(Greetings on another snowy day outside my window. Often at this time of year, as the snowblowers hum in the streets, I switch on the Australian Open telecast and remind myself it's summer somewhere. Time for Cardboard Appreciation. This is the 318th in a series):
I haven't posted hardly at all about the 1956 Topps set since I completed it almost two years ago. The most recent post specifically mentioning '56 Topps cards was in May of 2021 -- one month after completing the set -- with a couple cards I found at a flea market.
I don't like that I haven't mentioned them much. That '56 binder is pretty much the crown jewel of the collection and it's the only binder where when I open it I am blown away by the cards in it. I own these? When did that happen?
So I thought I'd return to the set ... with what are probably the two most unimpressive cards in it.
Topps weirdly devoted cards to the American and National League presidents during the back half of the 1950s, starting in 1956. There are also league presidents cards in '57, '58 and '59 Topps.
There are many examples in 1950s sets of how this was very a different time, as I guess it would be since it's more than 65 years ago. But I think league president cards to start off a set clinches it.
What kid knew who the league presidents were? What were their reactions to pulling a card like this? Cards were issued in 1956 in six-card packs at 5 cents apiece. But they were also issued in 1-cent, 1-card packs. I'm fairly certain that for the kid who bought a one-cent pack and pulled a William Harridge his day was ruined.
It's also a strange way to kick off a set. Two "old" dudes, on the only vertical cards in the set (excluding the unnumbered checklists) in complete contrast to the rest of the set.
The Warren Giles card was one of the '56 cards that my brothers and I received from my dad's co-worker when my dad came home with the brown shopping bag of mid-1950s cards back when I was a teen. My reaction to that Giles card I'm sure was more reserved than those kids who pulled him out of packs in '56, but I certainly was perplexed by it.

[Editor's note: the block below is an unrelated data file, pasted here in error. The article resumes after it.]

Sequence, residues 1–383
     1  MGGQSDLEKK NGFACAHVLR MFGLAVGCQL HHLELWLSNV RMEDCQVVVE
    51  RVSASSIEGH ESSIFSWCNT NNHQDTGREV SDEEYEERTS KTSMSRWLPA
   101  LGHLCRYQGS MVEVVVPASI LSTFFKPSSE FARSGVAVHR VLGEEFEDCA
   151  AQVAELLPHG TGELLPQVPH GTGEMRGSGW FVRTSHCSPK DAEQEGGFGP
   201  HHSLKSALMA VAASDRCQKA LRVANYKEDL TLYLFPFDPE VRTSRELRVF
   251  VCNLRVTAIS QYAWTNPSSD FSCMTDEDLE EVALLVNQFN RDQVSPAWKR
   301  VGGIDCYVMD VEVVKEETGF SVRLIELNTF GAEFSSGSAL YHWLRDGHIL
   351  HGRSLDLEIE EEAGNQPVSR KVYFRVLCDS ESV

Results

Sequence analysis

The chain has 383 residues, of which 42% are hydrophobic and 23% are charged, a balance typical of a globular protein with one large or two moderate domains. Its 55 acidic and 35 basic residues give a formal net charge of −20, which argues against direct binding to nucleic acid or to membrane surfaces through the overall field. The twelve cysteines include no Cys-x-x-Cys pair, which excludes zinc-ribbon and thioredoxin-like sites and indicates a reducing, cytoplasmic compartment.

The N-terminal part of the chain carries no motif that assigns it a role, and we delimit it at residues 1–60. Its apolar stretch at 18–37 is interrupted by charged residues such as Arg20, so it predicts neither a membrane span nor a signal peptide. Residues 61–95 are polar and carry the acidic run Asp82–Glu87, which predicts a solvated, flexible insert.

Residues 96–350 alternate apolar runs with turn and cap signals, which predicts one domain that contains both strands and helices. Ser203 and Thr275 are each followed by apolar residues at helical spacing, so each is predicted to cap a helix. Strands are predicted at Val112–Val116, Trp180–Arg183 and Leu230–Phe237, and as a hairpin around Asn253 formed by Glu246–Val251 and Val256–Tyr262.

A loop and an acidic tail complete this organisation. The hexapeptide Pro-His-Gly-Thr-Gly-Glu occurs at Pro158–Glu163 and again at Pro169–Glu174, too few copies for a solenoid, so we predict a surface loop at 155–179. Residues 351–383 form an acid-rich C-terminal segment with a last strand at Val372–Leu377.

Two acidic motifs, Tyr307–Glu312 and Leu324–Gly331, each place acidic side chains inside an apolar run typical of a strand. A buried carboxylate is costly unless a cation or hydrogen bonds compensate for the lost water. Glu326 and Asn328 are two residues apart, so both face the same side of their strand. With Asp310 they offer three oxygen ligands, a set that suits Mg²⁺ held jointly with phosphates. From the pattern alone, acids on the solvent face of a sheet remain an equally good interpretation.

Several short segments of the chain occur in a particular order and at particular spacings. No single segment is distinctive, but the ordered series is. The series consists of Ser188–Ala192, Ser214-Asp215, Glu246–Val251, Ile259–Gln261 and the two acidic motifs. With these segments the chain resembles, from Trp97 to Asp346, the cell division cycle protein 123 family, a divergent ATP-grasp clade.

They are admittedly nicely done cards but placed amid the action-packed player cards they might as well be from another set.
If the gray hair on a couple of guys from the mid-1950s doesn't convince you how long ago these cards were issued, check out the back:
I've only half-joked that a 16-team Major League Baseball league is ideal, but I didn't realize until the instant I viewed these backs, probably for the first time, how few teams that is. They actually had to space out the logos with words between them!
The write-ups on each are purely PR. Harridge's service is "outstanding" and he's a "guiding spirit" who has received the "well-earned respect" of, well, just about everyone. Giles is a "leading authority" of "our Great American Sport."
If you look at the back of Giles' 1960 Fleer card the bio is slightly more objective.
The bios also underline just how long ago this was. Harridge started working in MLB in 1911!!! Giles served in World War ONE!
It's also interesting that during this time when Topps was recognizing league presidents that it didn't feature a card of the Baseball Commissioner, Ford Frick, until the 1959 set.
I wouldn't blame kids back in '56 if they tried to complete the set that year but ignored the first two cards. However, that set wouldn't be complete would it? They may be the dullest cards in the set, but every card tells a story.
I'll try to get to more '56 cards in the future, maybe not at the pace of my previous '56 Of The Month posts, but I'll come up with something. That two-year anniversary of possibly my greatest hobby achievement is coming up, you know.
Thanks for posting.